171 missing, 31 dead in Philippine ferry disaster
Rescuers aboard helicopters and speed boats were desperately searching on Saturday for more than 200 people missing after a ferry sank in the Philippines, with at least 26 already confirmed dead.world Updated: Aug 17, 2013 17:04 IST
Stormy weather on Saturday forced Philippine rescuers to suspend a search for 171 people missing after a crowded ferry collided with a cargo ship and quickly sank, with 31 others confirmed dead.
The St Thomas Aquinas ferry was carrying 831 passengers and crew when the vessels smashed into each other late last night in a dangerous choke point near the port of Cebu, the Philippines' second-biggest city, authorities said.
Coastguard and military vessels, as well as local fishermen in their own small boats, frantically worked through the night and this morning to haul 629 people out of the water alive. But when bad weather whipped up the ocean mid-afternoon today, authorities suspended the search with 171 people still unaccounted for.
"It rained hard... with strong winds and rough seas," navy spokesman Lieutenant Commander Gregory Fabic said.
He also said powerful currents had earlier prevented divers from assessing all of the sunken ferry to determine how many people had died and were trapped inside.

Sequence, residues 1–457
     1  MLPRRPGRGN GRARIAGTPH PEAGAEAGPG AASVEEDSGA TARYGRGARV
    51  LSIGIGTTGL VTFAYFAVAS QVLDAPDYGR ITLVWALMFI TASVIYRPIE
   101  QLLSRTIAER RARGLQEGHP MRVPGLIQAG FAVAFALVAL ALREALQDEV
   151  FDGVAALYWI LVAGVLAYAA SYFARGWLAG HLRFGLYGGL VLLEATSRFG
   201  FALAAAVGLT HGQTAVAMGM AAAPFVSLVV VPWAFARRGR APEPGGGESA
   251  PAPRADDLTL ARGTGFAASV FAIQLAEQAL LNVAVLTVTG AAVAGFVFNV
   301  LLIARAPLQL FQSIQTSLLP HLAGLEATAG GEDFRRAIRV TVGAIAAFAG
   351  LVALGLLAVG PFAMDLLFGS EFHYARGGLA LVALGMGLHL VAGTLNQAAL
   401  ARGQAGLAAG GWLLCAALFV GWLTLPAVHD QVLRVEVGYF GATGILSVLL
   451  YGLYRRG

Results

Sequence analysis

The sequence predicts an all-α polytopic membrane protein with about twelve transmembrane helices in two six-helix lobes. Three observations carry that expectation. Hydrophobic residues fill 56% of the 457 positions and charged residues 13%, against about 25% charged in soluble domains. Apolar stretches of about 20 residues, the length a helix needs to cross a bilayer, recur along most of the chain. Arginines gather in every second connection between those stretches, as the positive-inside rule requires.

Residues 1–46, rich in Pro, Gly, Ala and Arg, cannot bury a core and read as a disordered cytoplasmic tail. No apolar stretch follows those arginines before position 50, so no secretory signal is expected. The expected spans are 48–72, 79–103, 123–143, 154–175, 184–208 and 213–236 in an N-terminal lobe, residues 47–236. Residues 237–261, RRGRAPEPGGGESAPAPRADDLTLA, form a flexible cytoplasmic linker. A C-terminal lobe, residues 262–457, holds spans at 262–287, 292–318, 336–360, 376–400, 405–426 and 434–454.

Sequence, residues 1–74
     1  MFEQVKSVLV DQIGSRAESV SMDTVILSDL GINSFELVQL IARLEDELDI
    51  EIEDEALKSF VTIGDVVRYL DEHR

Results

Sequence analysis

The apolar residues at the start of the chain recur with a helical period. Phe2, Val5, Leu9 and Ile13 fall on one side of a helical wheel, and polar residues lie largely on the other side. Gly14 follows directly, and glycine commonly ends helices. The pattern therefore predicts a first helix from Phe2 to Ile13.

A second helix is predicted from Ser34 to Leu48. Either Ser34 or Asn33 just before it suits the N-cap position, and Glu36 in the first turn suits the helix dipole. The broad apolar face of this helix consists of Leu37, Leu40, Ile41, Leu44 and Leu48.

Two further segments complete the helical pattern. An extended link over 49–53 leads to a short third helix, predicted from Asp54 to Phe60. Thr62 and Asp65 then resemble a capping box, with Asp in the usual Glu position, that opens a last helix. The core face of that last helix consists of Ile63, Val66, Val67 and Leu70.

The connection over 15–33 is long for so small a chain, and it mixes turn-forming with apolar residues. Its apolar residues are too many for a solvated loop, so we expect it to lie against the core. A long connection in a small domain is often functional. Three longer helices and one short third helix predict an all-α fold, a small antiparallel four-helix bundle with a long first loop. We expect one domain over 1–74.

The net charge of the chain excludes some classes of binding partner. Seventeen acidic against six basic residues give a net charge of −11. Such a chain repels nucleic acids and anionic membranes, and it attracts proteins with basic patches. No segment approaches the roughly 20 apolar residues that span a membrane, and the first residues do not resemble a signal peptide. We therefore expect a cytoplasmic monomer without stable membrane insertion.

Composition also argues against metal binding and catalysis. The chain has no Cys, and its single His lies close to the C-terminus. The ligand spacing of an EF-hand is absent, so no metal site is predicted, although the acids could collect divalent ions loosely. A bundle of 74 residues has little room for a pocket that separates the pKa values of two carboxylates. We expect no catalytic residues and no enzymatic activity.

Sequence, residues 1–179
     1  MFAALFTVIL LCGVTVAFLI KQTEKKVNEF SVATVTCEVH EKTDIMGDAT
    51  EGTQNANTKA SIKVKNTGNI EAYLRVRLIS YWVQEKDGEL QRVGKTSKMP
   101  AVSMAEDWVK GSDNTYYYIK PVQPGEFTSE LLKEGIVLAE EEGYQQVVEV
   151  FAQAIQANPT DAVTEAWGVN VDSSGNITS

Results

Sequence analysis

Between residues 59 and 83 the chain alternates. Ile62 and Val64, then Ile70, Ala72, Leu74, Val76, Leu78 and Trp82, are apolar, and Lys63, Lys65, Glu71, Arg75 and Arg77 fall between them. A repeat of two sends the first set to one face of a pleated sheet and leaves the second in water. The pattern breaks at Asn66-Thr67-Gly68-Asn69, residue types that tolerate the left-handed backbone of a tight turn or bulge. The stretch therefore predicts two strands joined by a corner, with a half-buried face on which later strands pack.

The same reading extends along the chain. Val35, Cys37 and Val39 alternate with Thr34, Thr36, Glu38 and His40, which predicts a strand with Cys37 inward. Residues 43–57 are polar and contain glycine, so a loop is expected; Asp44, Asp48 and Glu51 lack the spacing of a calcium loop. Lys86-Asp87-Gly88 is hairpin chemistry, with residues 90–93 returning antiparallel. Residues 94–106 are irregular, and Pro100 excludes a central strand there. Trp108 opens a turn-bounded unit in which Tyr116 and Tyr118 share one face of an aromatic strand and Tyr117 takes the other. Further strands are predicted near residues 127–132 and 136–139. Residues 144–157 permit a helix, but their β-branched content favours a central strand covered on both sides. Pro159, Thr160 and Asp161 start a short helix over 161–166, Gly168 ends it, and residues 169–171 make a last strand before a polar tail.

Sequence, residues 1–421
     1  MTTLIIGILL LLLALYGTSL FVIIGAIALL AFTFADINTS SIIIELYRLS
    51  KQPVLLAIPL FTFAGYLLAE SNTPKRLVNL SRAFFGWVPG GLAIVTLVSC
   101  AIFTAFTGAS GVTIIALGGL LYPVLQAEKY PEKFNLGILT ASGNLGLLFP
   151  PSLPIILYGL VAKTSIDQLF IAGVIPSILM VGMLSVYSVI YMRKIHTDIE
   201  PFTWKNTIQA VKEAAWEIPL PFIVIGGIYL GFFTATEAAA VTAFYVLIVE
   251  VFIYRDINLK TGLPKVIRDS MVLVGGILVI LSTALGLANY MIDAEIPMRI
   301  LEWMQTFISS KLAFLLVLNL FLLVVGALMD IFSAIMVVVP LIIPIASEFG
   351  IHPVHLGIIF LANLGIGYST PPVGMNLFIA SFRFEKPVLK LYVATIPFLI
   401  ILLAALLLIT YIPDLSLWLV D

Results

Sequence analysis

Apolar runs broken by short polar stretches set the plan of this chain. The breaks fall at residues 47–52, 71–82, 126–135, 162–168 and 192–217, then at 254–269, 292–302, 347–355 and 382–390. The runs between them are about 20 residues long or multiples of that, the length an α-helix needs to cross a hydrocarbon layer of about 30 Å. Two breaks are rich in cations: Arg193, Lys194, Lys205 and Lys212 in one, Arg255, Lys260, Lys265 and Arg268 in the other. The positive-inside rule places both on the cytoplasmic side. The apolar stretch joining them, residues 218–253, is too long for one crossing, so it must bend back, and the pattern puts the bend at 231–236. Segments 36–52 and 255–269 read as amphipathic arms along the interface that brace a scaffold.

Fabic said rescuers had not given up hope that there were other survivors who were still drifting at sea.
But Rear Admiral Luis Tuason, vice commandant of the coastguard, said the death toll would almost certainly rise from the 31 bodies that had already been retrieved.
"Because of the speed by which it went down, there is a big chance that there are people trapped inside," he said, adding the ferry sank within 10 minutes of the collision.
The cargo ship, Sulpicio Express 7, which had 36 crew members on board, did not sink. Television footage showed its steel bow had caved in on impact but it sailed safely to dock.
Tuason said it appeared one of the vessels had violated rules on which lanes they should use when travelling in and out of the port, without specifying which one.
The strait leading into the Cebu port is a well-known danger zone, said the enforcement office chief of the government's Maritime Industry Authority, Arnie Santiago. "It is a narrow passage, many ships have had minor accidents there in the past. But nothing this major," Santiago said.
"There is a blind spot there and each ship passing through needs to give way in a portion of that narrow strip." Industry authority head Maximo Mejia later told reporters that both vessels had previously passed safety inspections and were sea worthy, indicating human error was to blame.
Ferries are one of the main forms of transport across the archipelago of more than 7,100 islands, particularly for the millions of people too poor to fly.
But sea accidents are common, with poor safety standards and lax enforcement typically to blame.
The world's deadliest peacetime maritime disaster occurred near the capital Manila in 1987 when a ferry laden with Christmas holidaymakers collided with a small oil tanker, killing more than 4,300 people.